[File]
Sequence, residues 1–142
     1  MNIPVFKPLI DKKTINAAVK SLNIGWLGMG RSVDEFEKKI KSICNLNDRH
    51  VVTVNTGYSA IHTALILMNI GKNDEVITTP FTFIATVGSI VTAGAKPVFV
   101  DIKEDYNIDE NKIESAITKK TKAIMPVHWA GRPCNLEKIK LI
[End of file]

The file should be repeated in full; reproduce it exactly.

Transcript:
Sequence, residues 1–142
     1  MNIPVFKPLI DKKTINAAVK SLNIGWLGMG RSVDEFEKKI KSICNLNDRH
    51  VVTVNTGYSA IHTALILMNI GKNDEVITTP FTFIATVGSI VTAGAKPVFV
   101  DIKEDYNIDE NKIESAITKK TKAIMPVHWA GRPCNLEKIK LI